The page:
February 15, 2011 | David F. Coppedge

Critical Thinking Needed in Science Education

Several recent articles noted that students are being dumbed down in science education.  Can this be applied to their learning about evolution?
    PhysOrg reported that critical thinking has been called into question at the university level of education.  “A post-secondary education won’t necessarily guarantee students the critical thinking skills employers have come to expect from university grads,” the article said of a recent study from New York University.  Other academics were surprised at the findings; they said students are motivated and curious as ever, spending a great deal of time on their studies.  But Richard Arum was not speaking of time spent or motivation, but of critical thinking ability.  His book “revealed 45 per cent of students made no significant improvement in critical thinking, reasoning or writing skills during the first two years, and 36 per cent showed no improvement after four years of schooling.”
    Science educators sometimes conflate knowledge with acceptance.  Jon Miller, from the University of Michigan, has tracked scientific literacy from 1998 to 2008, and found that it has actually improved, according to PhysOrg.  “Only 37 percent of American adults accepted the concept of biological evolution in 2008,” the article noted, “and the level of acceptance has declined over the last twenty years.”  It would seem, though, that understanding of evolution should be distinguished from acceptance of evolution – if critical-thinking students are able to judge the evidence and accept or deny the theory on the basis of sound reasoning.  According to his statistics, scientific literacy has grown while acceptance of evolution has declined.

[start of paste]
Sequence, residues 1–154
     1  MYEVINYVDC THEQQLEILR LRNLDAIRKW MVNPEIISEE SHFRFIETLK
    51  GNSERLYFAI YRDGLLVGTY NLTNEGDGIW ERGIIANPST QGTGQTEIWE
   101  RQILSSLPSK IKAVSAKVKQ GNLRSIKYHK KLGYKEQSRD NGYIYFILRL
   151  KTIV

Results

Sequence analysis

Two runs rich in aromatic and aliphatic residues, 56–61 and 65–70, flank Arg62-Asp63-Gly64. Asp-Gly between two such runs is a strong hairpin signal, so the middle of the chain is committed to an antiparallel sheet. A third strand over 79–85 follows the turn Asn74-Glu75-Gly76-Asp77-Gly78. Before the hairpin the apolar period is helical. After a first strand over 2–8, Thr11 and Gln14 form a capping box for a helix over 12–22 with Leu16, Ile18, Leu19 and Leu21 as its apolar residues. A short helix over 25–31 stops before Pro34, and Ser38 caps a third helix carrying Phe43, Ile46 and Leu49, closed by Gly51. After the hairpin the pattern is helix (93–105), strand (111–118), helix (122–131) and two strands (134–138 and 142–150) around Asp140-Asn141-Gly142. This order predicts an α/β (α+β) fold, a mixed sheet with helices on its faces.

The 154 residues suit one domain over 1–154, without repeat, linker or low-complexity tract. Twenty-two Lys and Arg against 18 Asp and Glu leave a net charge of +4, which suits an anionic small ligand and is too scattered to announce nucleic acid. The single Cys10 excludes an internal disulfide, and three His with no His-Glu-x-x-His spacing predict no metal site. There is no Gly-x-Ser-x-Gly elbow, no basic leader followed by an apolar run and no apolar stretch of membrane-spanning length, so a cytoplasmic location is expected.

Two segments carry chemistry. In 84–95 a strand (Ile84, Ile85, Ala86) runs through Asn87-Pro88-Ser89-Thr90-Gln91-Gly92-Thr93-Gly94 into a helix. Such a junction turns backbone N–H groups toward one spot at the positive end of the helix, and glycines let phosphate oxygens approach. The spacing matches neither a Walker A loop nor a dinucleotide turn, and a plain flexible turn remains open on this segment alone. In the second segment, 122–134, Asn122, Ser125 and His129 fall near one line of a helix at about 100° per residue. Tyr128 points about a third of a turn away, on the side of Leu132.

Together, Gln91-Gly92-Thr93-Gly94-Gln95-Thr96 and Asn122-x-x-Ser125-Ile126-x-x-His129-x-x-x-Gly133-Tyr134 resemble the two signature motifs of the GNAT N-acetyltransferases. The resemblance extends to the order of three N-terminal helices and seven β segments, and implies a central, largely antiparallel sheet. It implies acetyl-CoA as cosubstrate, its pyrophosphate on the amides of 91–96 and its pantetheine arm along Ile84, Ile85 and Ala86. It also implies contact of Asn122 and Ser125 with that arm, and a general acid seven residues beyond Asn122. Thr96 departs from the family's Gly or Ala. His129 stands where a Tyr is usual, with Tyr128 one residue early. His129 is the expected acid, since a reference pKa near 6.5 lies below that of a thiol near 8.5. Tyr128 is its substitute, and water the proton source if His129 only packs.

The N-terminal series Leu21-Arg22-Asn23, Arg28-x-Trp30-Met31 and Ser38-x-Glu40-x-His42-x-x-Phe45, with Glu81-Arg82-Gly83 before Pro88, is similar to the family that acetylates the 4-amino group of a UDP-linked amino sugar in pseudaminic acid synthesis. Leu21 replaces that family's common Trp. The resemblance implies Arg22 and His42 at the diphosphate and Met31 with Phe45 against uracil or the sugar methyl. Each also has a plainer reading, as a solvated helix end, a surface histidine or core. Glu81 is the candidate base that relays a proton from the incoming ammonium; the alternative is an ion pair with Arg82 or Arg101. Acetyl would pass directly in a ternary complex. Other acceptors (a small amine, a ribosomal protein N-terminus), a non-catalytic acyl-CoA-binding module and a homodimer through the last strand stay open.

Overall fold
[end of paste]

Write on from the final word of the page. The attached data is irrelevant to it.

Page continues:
If applied uniformly, critical thinking should include evaluating claims of religion and science.  Religion is already routinely criticized, of course, but two recent articles on philosophy and history of science show how it might be applied to the latter.  New Scientist posted a short eyebrow-raising article by Jonathon Keats about how a group of four Victorian Englishmen, John Herschel, Charles Babbage, William Whewell and Richard Jones “invented” modern science over eggs and bacon (and ale).  Meeting at the Philosophical Breakfast Club, they reasoned how to take Sir Francis Bacon’s ideas on induction to create a new path to natural knowledge.  While admiring their “boundless curiosity,” Keats recognized that their vision was visionary: they “envisioned a future for science as visionary and elusive as Utopia.”  What’s more, their efforts led to a Big Science that became increasingly divorced from the humanities, he argued.
    Ken Conner, writing for Town Hall Magazine applied even more critical thinking to science.  The paradigm of the brave scientist as unbiased seeker of the truth, using an objective method, with unimpeachable motives, personal integrity, and the best interests of mankind at heart, is “beginning to crumble,” he said.  “As it turns out, scientists are just as fallible and flawed as the rest of humanity, and this fallibility impacts their work.”  Conner argued against the false dichotomy of science and faith, pointing out with examples that one needs faith to do science.  “After centuries of hegemony in an increasingly secular world, it is ironic that faith – faith in the right thing – may be the only thing that can restore credibility to the world of science.
Case Study: Having a BLAST